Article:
How When Harry Met Sally Explains Inequality

A new study says that educated people marrying each other has increased inequality by 25 percent.
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Inequality has exploded the past 30 years, because of the usual suspects: technology, Wall Street, Harry, and Sally.

Okay, it probably isn't fair to blame Billy Crystal and Meg Ryan for our widening income gap. But it is fair to say that When Harry Met Sally tells us something about why the rich have been getting so much richer than everyone else. That's high-earning college grads marrying each other—which a new paper estimates has increased inequality by 25 percent.

We used to live in a Mad Men world. Few men went to college, even fewer women did, and not many women, period, worked outside the home—not that they had many opportunities if they did. In 1960, 42.5 percent of married women hadn't graduated from high school. 39.6 percent had only done that. And just 37.7 percent of all women had or were looking for a job. The stereotype is that men married their secretaries, if their wives did work, and there's something to that—though highly-educated people did still pair up at high rates back then.

You can see that in the chart below, which breaks down 1960 marriages by each partner's education. It shows how much more or less likely a marriage was between, say, two college grads than what you would've expected from random chance. And it shows that for every combination of education level: people who didn't finish high school (HS-), high school grads (HS), people who attended some college (C-), college grads (C), and people with advanced degrees (C+). Anything more than 1 means there were disproportionately more of that type of marriage; anything less means the opposite.

(Note: I've highlighted all the homogenous pairs—HS- and HS-, C and C, etc.—with dotted lines).

All the data comes from a new paper that looks at how much people marrying someone like themselves—what economists charmingly call "assortative mating"—has contributed to inequality. The answer for 1960: not much.

Sure, people with at least a college degree were much more likely to marry each other than by chance. But this was a small group. It only made up 4.5 percent of all marriages. And it wasn't as if couples with two college degrees had two high incomes. Even highly-educated women didn't have many opportunities to earn a lot if they did work outside the home (which many didn't). In other words, most households still only had one big earner, relatively-speaking, regardless of the wife's education.

That made marriage a different institution back then. Men weren't looking for a soulmate, let alone someone to help pay the bills. They were looking for a good wife and mother. So they were willing to marry "down." Now, it doesn't look like that if you focus on how disproportionately likely college-educated men and women were to trade I-dos. But take another look, this time at the shaded areas. Men with a college degree were about as likely to marry women with only a high school degree as you'd expect by chance. And men with a college degree or more were twice as likely to marry a woman who hadn't finished college. This meant there were almost twice as many college-educated men married to women who weren't than were for the simple reason that many more women hadn't graduated from college than had.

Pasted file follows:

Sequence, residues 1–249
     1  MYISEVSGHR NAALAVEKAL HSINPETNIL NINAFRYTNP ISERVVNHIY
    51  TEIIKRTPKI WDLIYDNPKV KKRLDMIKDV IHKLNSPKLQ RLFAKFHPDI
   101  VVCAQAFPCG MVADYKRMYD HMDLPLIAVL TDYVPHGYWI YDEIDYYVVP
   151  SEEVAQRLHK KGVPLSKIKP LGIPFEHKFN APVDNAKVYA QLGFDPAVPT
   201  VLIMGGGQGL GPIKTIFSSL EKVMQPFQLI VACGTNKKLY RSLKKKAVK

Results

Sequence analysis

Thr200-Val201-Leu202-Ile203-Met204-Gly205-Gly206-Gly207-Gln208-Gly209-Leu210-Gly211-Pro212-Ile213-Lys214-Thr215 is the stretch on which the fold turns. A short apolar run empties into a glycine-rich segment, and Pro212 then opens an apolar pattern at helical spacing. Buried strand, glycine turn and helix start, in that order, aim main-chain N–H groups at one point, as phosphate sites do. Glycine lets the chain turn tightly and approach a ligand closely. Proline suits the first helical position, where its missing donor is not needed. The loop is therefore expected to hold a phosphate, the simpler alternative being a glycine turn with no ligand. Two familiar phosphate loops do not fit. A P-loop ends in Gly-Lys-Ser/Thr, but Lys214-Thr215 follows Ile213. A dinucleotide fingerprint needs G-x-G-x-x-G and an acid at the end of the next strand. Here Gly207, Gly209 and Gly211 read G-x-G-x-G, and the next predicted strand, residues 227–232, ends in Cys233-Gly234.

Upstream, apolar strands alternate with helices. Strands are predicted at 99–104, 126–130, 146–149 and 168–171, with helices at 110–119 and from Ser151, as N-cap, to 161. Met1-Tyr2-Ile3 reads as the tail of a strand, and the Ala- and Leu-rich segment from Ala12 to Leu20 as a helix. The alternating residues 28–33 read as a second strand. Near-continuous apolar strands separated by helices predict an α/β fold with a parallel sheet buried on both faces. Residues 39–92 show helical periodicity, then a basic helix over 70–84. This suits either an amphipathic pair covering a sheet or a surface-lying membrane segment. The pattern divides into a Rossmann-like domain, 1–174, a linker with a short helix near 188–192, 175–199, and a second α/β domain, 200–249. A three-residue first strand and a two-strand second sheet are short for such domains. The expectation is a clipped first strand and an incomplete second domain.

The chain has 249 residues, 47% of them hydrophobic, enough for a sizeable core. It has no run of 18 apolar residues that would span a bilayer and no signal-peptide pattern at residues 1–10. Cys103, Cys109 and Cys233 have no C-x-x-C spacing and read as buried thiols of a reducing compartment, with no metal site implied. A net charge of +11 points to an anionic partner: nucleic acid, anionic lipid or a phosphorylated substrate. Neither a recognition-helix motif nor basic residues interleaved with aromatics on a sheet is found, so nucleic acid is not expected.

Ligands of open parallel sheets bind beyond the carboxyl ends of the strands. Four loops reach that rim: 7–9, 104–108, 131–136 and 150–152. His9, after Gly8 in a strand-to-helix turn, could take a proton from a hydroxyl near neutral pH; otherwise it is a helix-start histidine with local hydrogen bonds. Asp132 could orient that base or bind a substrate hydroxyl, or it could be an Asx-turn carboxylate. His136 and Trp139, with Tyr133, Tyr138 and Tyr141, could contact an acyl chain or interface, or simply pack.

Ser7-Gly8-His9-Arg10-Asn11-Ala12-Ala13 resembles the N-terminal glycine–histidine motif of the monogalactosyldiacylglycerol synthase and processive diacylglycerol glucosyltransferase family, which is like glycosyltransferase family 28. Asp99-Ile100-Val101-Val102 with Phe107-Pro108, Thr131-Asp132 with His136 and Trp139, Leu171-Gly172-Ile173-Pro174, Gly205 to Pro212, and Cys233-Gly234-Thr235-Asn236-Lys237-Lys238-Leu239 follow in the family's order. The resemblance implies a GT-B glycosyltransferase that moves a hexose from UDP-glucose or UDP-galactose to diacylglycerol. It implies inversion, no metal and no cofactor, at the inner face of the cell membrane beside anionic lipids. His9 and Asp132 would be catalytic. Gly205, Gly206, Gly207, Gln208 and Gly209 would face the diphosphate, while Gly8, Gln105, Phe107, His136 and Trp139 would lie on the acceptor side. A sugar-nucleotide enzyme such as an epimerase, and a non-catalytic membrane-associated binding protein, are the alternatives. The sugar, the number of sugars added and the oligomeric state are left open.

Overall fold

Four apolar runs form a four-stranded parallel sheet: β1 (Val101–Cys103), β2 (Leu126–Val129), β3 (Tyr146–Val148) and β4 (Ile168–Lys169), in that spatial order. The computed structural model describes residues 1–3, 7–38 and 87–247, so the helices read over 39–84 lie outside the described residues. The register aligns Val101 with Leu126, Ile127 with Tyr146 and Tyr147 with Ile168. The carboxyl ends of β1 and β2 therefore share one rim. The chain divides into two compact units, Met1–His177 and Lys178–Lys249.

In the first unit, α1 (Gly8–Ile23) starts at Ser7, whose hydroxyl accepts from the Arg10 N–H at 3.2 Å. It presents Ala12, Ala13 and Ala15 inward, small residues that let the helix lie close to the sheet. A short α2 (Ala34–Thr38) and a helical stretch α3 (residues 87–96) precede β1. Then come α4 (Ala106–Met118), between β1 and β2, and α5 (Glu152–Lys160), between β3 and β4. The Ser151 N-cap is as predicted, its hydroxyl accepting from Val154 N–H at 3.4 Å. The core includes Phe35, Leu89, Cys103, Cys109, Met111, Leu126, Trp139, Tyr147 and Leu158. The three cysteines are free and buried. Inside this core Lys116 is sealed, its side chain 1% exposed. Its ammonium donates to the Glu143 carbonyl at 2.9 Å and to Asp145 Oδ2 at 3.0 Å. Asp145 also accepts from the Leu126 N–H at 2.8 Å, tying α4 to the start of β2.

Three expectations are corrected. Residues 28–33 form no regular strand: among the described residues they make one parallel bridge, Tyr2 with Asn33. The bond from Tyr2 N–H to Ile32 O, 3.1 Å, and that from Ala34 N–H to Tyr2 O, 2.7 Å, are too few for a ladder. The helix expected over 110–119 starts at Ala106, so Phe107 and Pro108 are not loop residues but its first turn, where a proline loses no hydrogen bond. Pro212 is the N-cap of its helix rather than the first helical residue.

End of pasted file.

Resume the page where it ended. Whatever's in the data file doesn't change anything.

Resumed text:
I'll Have the Marriage My Classmate Is Having

That world is gone now. It's gone, because more people, especially women, go to college. Because women have the chance to work—and earn—more. Because couples need two incomes to afford the same lifestyle that one used to buy. Because people who graduate from college cluster in neighborhoods away from those who don't. And because people want more from marriage nowadays.

Among affluent marriages, it's a When Harry Met Sally world, where working men and working women of similar education and income levels bond and marry over similarities—movies, art, paprikashrather than the differences that defined traditional marriage (he works/she cleans). This new arrangement promises a better world, but it has increased inequality. Here's how.

Five big trends have transformed the home and the workplace the past few decades. Those are more education, more women in the workforce, more financial insecurity, more marital expectations, and more assortative mating. Let's consider them one-by-one.

1) More education. In 1959, only  percent of 14.8 men and 7.6 percent of women between the ages of 25 and 29 had graduated from college. In 2012, it was 29.8 and 37.2 percent. And by 2011, women had surpassed men in advanced degrees too.

2) More women in the workforce. In 1959, 37.2 percent of women had a job or were actively looking for one. In 2012, it was 57.7 percent. That said, it's still hard for women to lean in when they have to plan their careers around when they have kids, when daycare is so damn expensive, and when husbands don't always do their share of the housework. That's why men still dominate the highest-paying jobs that require an inhuman number of hours as a show of your semi-feudal obligation to work. And even if women do break through, they still don't get paid as much as men do for the same work—though, as Hanna Rosin points out, the gap is more like 9 cents for every dollar men make, and not 23 cents.

Presented by

Matthew O'Brien

Matthew O'Brien is a former senior associate editor at The Atlantic.

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